© Mike K.

The latest Loadstar LongRead, on ports and technology, examines the challenges of digitisation in the sector.

It seems making sense of container supply chains has become virtually impossible.

It was hard enough to understand what was going on a decade ago, when globalisation was in full swing, but the explosive growth of e-commerce, mobile technology and a host other technologies – take your pick: IoT, AI, blockchain, drones, 3D printing – has meant so many trends are now emerging.

Similarly, disentangling hyperbole from fact in container supply chains has become equally difficult, presenting considerable difficulties for those who work in the sector, especially those tasked with investing and preparing their companies for whatever the future holds – and there is a larger myriad of possible futures.

That said, some things are likely to remain as constants. Consider the shark, which evolved during the dinosaur era and for nature has yet to produce a superior design. There are some things that have been created that are hard to see being improved, such as the shipping container itself. The steel box has reached near-ubiquity in terms of the being the ideal unit through which global trade is conducted – there may be some modifications down the line, but the fundamental design is here to stay.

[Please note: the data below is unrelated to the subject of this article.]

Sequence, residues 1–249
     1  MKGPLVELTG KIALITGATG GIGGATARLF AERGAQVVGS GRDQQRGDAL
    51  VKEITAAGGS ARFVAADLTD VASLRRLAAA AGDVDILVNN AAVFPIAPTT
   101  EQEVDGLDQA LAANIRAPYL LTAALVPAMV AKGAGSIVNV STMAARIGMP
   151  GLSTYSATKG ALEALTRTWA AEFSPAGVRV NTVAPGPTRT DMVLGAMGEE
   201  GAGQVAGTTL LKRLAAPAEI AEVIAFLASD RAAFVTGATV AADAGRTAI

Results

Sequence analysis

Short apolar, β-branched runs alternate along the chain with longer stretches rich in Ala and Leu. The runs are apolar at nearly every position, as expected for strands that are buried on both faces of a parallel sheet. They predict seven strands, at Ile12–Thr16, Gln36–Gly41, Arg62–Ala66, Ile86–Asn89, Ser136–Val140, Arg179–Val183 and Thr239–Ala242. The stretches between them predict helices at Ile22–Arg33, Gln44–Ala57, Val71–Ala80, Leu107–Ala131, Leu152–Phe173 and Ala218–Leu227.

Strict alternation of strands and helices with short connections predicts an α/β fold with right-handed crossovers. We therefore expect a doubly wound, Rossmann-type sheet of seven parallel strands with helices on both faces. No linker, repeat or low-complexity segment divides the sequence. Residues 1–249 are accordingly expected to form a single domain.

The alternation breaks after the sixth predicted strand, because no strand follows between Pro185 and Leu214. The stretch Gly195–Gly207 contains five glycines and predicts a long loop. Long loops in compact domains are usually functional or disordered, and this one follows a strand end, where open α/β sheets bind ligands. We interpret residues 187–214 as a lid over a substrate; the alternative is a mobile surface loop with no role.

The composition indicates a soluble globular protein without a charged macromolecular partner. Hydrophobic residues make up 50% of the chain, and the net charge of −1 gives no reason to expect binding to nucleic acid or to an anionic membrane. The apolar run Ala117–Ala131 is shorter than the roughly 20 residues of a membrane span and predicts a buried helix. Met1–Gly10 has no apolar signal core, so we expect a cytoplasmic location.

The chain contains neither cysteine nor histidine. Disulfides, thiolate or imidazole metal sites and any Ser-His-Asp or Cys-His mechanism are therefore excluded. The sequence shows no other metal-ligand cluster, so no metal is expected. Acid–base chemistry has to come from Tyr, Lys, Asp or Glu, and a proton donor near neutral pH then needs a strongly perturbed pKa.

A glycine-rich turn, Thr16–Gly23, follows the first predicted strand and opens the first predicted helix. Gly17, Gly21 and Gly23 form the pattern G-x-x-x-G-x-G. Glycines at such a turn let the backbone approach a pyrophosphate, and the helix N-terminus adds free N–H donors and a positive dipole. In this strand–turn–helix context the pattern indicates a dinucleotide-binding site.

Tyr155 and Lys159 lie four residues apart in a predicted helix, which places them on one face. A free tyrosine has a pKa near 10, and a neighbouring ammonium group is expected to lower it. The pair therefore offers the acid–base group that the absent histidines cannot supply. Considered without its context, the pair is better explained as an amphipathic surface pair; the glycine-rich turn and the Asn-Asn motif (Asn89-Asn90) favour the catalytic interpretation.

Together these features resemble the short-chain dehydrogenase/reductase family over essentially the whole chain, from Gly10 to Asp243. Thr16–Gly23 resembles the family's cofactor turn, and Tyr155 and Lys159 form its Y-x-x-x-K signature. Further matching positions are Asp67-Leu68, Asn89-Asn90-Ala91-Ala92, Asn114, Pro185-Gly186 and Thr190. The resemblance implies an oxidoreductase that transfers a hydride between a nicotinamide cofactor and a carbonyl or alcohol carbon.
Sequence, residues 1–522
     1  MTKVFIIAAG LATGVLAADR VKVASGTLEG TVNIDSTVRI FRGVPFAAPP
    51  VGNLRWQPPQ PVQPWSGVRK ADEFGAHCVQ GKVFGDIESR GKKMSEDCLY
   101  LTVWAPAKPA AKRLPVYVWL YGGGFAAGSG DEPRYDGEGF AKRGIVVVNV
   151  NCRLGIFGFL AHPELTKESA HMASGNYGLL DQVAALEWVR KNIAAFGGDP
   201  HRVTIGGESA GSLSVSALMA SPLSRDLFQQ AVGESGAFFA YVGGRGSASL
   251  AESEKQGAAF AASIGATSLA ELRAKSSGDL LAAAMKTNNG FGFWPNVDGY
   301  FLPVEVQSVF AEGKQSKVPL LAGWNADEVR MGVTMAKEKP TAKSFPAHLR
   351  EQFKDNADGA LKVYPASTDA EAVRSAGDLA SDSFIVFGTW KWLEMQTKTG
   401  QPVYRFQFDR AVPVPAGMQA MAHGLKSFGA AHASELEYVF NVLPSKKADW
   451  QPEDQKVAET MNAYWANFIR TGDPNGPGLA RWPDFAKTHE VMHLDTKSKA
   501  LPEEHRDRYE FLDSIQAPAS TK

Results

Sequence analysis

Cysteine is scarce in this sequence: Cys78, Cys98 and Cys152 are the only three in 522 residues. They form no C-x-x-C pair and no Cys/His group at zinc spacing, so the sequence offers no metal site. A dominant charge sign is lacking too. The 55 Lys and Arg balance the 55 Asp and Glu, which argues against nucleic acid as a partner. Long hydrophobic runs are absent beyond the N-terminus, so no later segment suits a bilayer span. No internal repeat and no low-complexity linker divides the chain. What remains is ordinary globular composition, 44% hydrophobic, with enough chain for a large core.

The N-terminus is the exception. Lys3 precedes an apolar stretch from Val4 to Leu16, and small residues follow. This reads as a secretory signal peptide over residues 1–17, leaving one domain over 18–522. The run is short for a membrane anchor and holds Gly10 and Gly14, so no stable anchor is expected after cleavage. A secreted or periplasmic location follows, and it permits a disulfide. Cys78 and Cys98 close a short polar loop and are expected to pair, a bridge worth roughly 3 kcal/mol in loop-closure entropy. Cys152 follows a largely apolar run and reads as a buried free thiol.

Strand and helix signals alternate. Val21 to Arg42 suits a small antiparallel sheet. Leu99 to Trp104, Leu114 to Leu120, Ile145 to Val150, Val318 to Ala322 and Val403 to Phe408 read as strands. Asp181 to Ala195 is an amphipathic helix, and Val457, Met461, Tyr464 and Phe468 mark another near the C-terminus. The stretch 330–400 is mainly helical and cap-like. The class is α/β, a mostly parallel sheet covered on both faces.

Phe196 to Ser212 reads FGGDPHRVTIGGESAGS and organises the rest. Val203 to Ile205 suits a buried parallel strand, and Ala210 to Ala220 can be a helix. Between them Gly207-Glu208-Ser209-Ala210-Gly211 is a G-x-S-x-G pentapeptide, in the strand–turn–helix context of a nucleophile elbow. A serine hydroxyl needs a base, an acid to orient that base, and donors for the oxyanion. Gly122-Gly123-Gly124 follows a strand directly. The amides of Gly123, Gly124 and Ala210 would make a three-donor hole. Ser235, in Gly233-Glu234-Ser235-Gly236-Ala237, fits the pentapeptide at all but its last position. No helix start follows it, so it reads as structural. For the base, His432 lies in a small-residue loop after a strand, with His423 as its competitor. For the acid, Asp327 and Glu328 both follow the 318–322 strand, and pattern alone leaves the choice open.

Equally, the fundamentals of geography – a handful of continents separated by oceans – and economic realities mean ships and ports are very unlikely to be superseded by fleets of drones or a network of hyperloop tunnels bored under ocean floors. The simplicity of the existing systems leave little room, and crucially little need, for improvement.

But that is not the case for the bundles of technological solutions being developed to further optimise supply chains.

So, as explained in our latest long read, here’s a tip for making sense of the digitalisation of the ports industry and the key role they occupy in container supply chains – apply Occam’s Razor: if there two solutions for a problem, the simpler one is usually better; the more assumptions that need to be made, the more unlikely it is that a given solution will be effective.